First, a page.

As if under some primeval enchantment, we would have been glad to sit there until our bodies turned to dust, content merely to gaze on such a vision; pleased just to witness the grace of motion, the fluidity of balance, the poise beyond feline; enamoured by the subtle touches of masterpiece painted into her being. Features didn't matter; it was the pure essence of her that commanded every thought. I could feel her eyes gazing into mine, her mind penetrating my soul - mine alone, yet somehow I knew that all felt the same. It was as if every fibre of my being were tweaked to the limit and then, as my consciousness burned in ecstatic fire, with a feather soft touch pressed gently beyond. Galaxies could form, suns collapse, civilisations fall; none of us would care.

Even the poolroom rednecks were distracted from their concentrated display of Southern bigotry; the intense desire burned into every one of us was not lost even on them. As their half-coherent jabber switched to the goddess, every heart stopped, every breath faded into nothing; we all waited to see what reaction she would give.

And then she moved towards them. Smiling.

The bar room temperature must have dropped twenty degrees. If the pair had been despised before, then they were beyond hate now. Over by the pool table, limbs entwined and tongues met. No man ever felt a loss like this; stomachs churned, eyes glazed, weapons leapt into hands, but not a soul moved. When they left the bar, they left their drinks and their jackets, but they kept their lives. In the blazing silence, you could hear muscles relax, breathing resume, throats rack with sobs; purely from the searing intensity of the experience. And still nobody spoke.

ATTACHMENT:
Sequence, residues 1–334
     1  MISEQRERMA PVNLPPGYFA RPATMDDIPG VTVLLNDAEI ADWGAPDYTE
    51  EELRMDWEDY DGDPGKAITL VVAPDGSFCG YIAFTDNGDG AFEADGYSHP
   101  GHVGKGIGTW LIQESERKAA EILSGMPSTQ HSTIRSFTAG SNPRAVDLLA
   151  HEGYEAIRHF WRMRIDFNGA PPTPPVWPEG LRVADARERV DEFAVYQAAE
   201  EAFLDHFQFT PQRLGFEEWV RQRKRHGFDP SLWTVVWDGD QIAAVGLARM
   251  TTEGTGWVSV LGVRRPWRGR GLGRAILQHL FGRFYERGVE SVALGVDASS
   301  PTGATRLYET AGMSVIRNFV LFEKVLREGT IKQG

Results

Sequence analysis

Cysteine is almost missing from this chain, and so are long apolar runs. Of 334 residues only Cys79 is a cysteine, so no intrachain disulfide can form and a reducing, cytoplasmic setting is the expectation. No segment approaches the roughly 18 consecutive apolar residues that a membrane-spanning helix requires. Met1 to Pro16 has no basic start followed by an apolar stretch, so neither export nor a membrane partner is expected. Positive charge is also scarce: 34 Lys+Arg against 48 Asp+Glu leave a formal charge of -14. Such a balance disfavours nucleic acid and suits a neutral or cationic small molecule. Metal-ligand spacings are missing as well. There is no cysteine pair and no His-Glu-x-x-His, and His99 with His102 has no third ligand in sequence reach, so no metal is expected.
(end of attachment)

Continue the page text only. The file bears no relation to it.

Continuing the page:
It took me five full minutes, but I reached my feet and stumbled towards the door. As I regained my balance, of mind as much as body, I flooded the street with my gaze. She was not in sight, but like a moth drawn to a flame, I was drawn to a soul that carried eternity in its grasp. Our minds were one; I didn't need the screams to follow her trail. A trash-filled alleyway, two blocks down, the far end. Silhouetted against a stuttering streetlight, the two men had not kept their lives for long; held by the tops of their straining shirts, one in each delicate hand, she had sucked the life out of their bloated throats and revelled in it. Racists no longer, they now understood what different really was.

As I approached, she held me in her cast iron gaze, her eyes like fire; wild, passionate and all-consuming. The remnants of her feed fell limply from her grip as she reached out for me. She drank in the desire in me, she fed on desire as much as blood; and I exuded desire in its purest form. I knew what she was; I had known all along. I wanted what she was; her power, her control, her grip on eternity. And as her perfect hands took hold of my neck, I slipped the stake between her ribs.

Her eyes dimmed momentarily, but then flared in her defeat. Even as she slumped, she understood. She knew how I could kill her and those like her; my desire is so overpowering that it hides my hate. Nietzsche said that man is doomed to kill what he loves; he was right. But it hurts. Like hell.